Equality and Careers

Many organisations choose to collect information on the race, ethnicity, sex and other protected characteristics of their staff. This practice is lawful and it can help employers understand how diverse (or not) their organisation is and if necessary develop processes and strategies to maintain and or improve diversity. The Data Protection Act 2018  strictly controls how your personal information is used by organisations. Employers are under a duty not to treat you differently because of your age, disability, gender reassignment, marriage and civil partnership, pregnancy and maternity, race, religion or belief, sex or sexual orientation.

See the UK Equality & Human Rights Commission and UK Government's Equality Act 2010 webpages for further information on your rights, what areas are covered by the Act and what action you can take if you feel you have been unfairly discriminated against.

Who is protected by the Equality Act?

The Equality Act protects people against discrimination because of the protected characteristics we all have. Under the Equality Act, there are nine protected characteristics:

  • age
  • disability
  • gender reassignment
  • marriage and civil partnership
  • pregnancy and maternity
  • race
  • religion or belief
  • sex
  • sexual orientation

How can I tell if an employer has a strong commitment to Equality, Diversity & Inclusion?

Most organisations state they are committed to equality, diversity and inclusion, however it’s sometimes difficult to know how deep that commitment is. Here are some tips to help you research and find out more:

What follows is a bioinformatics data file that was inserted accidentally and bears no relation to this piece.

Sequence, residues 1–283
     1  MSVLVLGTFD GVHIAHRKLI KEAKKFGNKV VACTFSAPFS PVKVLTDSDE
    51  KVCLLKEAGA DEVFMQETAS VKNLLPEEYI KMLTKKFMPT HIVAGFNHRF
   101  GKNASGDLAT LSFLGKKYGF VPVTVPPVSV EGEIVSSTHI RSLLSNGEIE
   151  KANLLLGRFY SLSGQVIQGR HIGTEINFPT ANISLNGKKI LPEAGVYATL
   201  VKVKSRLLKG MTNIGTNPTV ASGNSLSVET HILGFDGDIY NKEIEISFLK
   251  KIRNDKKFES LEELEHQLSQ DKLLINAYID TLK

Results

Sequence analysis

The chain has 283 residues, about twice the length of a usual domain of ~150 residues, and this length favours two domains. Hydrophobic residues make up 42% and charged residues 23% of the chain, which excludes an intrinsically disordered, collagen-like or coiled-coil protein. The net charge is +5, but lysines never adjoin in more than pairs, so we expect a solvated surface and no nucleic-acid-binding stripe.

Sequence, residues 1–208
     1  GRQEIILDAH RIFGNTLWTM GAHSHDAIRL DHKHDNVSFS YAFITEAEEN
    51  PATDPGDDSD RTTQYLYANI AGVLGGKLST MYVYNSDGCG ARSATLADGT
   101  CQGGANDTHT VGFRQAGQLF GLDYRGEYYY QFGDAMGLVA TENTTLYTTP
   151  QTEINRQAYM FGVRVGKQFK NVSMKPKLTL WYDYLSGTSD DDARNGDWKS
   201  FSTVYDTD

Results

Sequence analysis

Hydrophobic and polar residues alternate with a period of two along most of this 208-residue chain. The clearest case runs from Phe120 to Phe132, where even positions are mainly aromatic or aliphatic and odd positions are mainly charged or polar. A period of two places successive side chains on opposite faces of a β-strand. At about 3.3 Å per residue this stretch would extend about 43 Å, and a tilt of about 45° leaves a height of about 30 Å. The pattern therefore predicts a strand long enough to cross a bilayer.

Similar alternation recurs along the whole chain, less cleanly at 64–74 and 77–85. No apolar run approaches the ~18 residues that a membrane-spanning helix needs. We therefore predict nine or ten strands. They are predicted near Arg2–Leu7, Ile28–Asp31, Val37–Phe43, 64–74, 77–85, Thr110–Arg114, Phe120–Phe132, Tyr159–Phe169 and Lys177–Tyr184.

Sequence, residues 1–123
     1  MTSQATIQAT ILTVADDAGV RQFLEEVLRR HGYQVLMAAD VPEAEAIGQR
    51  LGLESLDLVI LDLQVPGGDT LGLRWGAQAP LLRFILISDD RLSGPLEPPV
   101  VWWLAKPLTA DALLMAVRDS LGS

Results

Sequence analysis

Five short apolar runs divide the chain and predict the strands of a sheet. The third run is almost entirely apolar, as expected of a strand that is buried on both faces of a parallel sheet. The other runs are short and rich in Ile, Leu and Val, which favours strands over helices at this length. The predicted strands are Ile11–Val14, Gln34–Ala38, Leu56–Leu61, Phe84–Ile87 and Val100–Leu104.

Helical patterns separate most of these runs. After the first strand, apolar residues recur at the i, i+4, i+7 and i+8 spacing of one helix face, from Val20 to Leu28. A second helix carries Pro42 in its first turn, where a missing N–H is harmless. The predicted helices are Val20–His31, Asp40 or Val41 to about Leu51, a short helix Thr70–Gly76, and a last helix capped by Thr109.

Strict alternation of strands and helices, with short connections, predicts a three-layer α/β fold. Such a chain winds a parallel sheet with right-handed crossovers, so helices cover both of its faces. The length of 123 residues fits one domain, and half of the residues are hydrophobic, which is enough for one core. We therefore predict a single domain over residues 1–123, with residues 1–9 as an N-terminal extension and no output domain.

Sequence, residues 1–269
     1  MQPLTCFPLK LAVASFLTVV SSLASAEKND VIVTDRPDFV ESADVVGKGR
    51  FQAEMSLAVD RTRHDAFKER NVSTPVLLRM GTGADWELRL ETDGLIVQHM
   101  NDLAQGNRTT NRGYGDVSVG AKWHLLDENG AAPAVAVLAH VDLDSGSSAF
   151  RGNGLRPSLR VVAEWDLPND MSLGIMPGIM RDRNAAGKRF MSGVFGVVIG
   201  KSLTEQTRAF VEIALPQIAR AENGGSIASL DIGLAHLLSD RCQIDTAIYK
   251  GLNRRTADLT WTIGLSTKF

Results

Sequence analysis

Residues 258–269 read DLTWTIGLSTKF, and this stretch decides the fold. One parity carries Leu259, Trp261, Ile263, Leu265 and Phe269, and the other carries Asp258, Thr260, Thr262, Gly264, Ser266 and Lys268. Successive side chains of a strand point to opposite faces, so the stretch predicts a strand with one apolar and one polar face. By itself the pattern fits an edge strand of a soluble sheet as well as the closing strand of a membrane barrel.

• Read their equality, diversity and inclusion policy  - is this easy to find on their website?
  • Search their website to see if they have any specific staff networks.
  • Look for external accreditation eg: whether they are a Disability Confident Employer, a Stonewall Diversity Champion etc.
  • Check to see if they are partnering with organisations such as Rare Recruitment, SEO London, MyPlus Consulting, EmployAbility, Creative Access or one of the many other organisations that support under-represented communities.
  • Explore what they do to celebrate equality, diversity and inclusion on their website and social media pages. Is this consistent throughout the year or just at specific times eg: during Black History Month, LGBT+ History Month, International Women’s Day etc.?
  • Ask recruiters you meet about their firm’s equality, diversity and inclusion policies and initiatives.

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